A bizarre and dramatic piece of performance art was staged in Russia’s second city, St. Petersburg, last week, featuring men dressed as tech tycoons chasing and gagging three young women with the logos of major online platforms.
The protest, staged by a notorious flash mob group, came to light when the video was discovered by local news outlets on Tuesday. The clip features three figures dressed respectively as Facebook founder Mark Zuckerberg, Twitter CEO Jack Dorsey, and Sergey Brin, the co-founder of Google, which owns YouTube. The group violently attacks three women, whose mouths have been grotesquely fitted with ball-gags featuring the symbols of Facebook, Twitter, and YouTube.
One of the activists who staged the performance, Maria Rein, said the rationale behind the protests was to highlight the fact that “violence against freedom of speech occurs publicly all the time, without any hesitation, in front of everyone.” Rein has previously starred in a series of provocative and controversial clips aimed at starting conversations around social issues.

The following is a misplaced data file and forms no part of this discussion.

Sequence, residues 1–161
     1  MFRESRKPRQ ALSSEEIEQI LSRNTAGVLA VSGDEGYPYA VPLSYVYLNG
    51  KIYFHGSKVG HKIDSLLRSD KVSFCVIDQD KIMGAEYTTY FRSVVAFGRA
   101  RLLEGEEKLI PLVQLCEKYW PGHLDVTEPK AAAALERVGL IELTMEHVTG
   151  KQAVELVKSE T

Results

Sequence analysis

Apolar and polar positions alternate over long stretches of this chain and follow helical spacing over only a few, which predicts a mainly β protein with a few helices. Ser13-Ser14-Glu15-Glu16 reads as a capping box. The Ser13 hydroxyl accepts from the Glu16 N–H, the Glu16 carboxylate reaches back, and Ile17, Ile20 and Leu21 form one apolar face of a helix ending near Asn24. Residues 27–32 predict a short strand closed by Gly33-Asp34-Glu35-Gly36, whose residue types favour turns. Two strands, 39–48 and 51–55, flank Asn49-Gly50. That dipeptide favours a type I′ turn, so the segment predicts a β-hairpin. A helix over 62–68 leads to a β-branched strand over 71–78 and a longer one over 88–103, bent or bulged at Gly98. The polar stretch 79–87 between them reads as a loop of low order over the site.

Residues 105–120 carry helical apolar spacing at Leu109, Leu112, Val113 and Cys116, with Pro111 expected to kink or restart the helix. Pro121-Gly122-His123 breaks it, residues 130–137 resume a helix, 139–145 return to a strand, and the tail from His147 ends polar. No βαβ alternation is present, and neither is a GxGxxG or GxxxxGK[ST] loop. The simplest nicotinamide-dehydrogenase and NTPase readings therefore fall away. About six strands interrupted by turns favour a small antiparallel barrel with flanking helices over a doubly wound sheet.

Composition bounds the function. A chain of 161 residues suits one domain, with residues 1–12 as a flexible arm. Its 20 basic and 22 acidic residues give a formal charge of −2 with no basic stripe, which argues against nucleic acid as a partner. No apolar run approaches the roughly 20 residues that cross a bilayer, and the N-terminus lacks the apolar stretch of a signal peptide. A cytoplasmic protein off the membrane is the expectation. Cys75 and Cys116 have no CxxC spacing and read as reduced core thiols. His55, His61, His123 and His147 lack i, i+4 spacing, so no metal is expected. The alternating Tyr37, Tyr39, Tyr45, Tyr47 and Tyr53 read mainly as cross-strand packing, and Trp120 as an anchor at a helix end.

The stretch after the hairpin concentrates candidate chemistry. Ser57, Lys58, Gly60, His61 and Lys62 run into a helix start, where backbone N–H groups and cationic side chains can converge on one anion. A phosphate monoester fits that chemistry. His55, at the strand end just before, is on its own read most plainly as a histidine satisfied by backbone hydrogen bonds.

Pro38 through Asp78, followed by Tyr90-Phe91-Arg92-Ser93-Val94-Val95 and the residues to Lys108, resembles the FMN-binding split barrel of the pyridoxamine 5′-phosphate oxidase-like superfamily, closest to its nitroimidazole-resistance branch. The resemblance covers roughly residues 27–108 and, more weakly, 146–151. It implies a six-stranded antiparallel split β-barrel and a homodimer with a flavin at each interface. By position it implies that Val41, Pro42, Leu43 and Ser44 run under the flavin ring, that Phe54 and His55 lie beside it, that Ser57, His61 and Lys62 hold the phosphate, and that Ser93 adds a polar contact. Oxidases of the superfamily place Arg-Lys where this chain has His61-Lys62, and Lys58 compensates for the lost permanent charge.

Earlier this year, Russian President Vladimir Putin warned that American tech giants were making increasingly unaccountable decisions over content. “These platforms are, of course, primarily businesses … and what is the primary concern of a business? Making a profit,” he said. “They don’t care if this content or that content causes harm for the people at whom it is directed … After all, these modern IT companies are more and more beginning to control people’s consciousnesses.”
Putin added that there was sometimes a case for restricting access to certain online materials, adding that “we must think about it, and react to it.” But, he insisted, “we must not make decisions that would limit human freedoms – the freedom of choice and freedom of speech.”
On Sunday, Russia’s state media regulator, Roskomnadzor, said that YouTube was a repeat offender when it came to censorship of content from the country. According to officials, the video streaming platform, “more often than other foreign services, restricts access to materials from Russian media. In total, about 30 cases of censorship of Russian publications and information resources have been identified.”
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At the same time, they claimed, “YouTube is the leader in the number of unlawful content that has not been deleted.” The agency went on to add that it had sent Google more than 24,000 requests to remove prohibited content, but that close to 5,000 posts had not been removed.
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The Article Was Written/Published By: RT